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This seemed weird to me. My daughter called and said her boyfriend's Ford Ranger was "vibrating and misfiring" and when they checked the engine oil level was very low (off the dipstick), and could I bring them some oil. I did, but warned that this likely would not fix the problem. However after pouring nearly 3 quarts of oil into the engine to bring the level up to MAX - it was fine!

Any thoughts on what was going on? I wondered about the tappets, I know some US motors have hydraulic tappets...

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I think you've already hit on the answer with the hydraulic lifters (tappets). If the oil pressure gets low enough in the engine, the lifters will bottom out and will not allow the engine to suck in the proper amount of air/fuel, nor open enough to allow enough exhaust out. This is a very bad situation.

Don't think the girls boyfriend got away scott free, though ... more than likely if they were down enough oil to cause this to happen, they've also introduced a significant amount of wear into the engine at the bearings and other wear points. Who knows how much added wear there ended up being, but you can be assured there was some.

One of the bigger things to figure out here is why was the engine so low on oil? It may have a leak or this may be the first time the oil has been checked in a very long time. You may want to enquire about his maintenance habits with the vehicle and get on him a bit if he's slacking on this ... you don't need your daughter getting stranded because her knucklehead boyfriend cannot even keep up on the very basic maintenance. Maybe this is a chance for you to get to know him a little better, eh? (Sorry, off on a tangent ... this isn't Parenting.SE, lol!)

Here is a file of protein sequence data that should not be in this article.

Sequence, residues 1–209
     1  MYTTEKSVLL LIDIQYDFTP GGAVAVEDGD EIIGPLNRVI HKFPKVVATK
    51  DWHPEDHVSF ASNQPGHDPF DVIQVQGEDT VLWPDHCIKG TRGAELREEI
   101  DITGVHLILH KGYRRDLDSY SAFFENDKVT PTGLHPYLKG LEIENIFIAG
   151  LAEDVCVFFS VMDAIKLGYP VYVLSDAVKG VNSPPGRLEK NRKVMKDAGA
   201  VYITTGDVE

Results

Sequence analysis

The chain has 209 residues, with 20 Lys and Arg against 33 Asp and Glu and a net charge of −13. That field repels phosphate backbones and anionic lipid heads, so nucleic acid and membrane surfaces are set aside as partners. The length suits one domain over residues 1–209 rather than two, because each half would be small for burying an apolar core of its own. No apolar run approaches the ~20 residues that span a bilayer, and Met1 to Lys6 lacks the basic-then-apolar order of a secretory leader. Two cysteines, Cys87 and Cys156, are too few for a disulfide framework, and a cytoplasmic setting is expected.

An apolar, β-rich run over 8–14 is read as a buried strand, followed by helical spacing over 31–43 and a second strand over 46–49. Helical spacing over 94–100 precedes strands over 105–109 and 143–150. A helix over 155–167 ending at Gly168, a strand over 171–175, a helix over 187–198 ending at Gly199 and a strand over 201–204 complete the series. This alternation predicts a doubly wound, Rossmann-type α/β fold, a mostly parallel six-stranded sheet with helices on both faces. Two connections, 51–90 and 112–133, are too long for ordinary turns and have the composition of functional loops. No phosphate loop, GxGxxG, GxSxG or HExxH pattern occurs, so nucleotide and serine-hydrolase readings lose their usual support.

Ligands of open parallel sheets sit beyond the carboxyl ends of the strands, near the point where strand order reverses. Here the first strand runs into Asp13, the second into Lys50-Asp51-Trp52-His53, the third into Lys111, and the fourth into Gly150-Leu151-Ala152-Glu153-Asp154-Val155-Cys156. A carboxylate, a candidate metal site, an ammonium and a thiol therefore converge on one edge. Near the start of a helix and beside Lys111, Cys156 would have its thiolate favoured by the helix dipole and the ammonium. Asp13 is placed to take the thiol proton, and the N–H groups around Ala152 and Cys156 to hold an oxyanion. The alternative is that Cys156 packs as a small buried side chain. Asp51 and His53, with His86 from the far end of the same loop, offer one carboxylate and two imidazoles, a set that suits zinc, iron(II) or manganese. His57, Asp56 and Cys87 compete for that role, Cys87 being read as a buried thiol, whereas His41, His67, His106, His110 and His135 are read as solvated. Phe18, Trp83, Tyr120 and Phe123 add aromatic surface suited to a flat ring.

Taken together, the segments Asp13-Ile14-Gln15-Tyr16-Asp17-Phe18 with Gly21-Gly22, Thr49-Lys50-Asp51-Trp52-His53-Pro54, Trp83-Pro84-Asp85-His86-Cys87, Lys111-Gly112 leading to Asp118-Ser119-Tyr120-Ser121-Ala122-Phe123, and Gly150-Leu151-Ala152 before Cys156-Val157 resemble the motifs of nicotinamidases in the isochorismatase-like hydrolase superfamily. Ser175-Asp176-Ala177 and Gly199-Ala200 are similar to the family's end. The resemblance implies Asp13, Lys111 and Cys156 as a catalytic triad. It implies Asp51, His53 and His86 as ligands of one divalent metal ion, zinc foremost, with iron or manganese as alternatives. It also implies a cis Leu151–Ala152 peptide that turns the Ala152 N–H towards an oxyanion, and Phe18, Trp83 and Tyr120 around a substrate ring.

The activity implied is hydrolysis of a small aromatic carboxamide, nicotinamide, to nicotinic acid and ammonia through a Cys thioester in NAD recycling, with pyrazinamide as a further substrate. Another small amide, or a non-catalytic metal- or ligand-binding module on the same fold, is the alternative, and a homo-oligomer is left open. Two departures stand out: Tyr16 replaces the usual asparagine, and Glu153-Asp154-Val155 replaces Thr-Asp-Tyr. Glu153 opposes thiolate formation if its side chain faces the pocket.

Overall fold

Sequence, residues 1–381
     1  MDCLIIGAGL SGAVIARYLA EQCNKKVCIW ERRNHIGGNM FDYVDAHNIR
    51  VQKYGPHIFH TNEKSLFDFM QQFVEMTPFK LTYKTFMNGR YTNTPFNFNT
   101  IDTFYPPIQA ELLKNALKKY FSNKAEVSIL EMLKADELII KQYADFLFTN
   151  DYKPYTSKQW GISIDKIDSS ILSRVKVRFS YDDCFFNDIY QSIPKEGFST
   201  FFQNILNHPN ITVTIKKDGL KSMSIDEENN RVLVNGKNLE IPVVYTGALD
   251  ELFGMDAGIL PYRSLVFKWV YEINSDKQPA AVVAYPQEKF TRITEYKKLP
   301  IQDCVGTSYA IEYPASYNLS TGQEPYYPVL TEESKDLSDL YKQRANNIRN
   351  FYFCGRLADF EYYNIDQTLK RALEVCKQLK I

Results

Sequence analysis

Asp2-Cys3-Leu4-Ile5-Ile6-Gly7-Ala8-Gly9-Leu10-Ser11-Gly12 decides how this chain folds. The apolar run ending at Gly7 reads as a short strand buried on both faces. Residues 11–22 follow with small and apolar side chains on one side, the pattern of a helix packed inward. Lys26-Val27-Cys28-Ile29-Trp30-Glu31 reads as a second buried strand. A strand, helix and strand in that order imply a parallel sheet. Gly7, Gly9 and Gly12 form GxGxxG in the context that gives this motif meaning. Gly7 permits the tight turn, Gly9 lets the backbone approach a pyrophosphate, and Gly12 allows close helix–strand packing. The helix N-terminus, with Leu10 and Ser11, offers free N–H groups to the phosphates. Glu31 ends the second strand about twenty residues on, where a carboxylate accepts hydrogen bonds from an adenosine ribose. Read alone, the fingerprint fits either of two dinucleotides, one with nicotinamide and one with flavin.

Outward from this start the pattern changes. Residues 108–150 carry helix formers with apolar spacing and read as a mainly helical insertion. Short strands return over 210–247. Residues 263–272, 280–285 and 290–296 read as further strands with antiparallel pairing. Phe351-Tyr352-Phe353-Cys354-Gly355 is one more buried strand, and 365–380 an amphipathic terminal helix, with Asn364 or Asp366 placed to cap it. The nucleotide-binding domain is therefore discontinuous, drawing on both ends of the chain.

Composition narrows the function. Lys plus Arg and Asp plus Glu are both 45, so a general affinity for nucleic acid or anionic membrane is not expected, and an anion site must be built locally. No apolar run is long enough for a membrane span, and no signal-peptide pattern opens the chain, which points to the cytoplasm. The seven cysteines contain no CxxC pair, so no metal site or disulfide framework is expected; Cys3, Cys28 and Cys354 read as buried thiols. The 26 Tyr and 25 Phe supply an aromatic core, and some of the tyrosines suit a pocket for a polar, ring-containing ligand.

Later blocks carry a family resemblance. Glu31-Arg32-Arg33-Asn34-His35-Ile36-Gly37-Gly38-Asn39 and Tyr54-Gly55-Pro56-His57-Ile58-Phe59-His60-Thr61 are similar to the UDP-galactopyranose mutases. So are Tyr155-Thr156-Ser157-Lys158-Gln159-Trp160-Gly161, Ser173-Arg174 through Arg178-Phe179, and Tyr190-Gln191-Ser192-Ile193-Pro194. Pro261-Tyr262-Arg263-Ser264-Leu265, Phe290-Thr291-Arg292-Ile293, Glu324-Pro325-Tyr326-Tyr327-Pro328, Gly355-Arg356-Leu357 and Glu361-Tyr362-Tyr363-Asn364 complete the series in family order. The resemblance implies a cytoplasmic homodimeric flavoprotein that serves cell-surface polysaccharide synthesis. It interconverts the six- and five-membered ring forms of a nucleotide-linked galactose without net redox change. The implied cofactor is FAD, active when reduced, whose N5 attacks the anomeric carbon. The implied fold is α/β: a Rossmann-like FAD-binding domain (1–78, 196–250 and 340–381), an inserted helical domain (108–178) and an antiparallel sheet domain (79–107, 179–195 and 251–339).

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Any engine that's 3 quarts low on oil will knock and run poorly. It simply does not have enough oil in it to maintain oil pressure. This is extremely bad for the engine and will cause premature wear.

All engines consume some amount of oil over time. Engines in good/new condition tend to consume a very small amount which is not really noticeable within the oil change interval, but older cars can use more to the point where you need to add oil between changes.

Monitor the oil consumption - it's convenient to check the level when filling up the gas tank. Add oil when it's low. If the engine only needs a quart or two between changes, that's not very unusual for a tired engine and is generally considered acceptable on older vehicles. If it's significantly more than that, you should check to make sure it's not leaking out. If it is, you'll need new seals. If it isn't leaking, that means it's burning it, and you'll probably have to rebuild or replace the engine.

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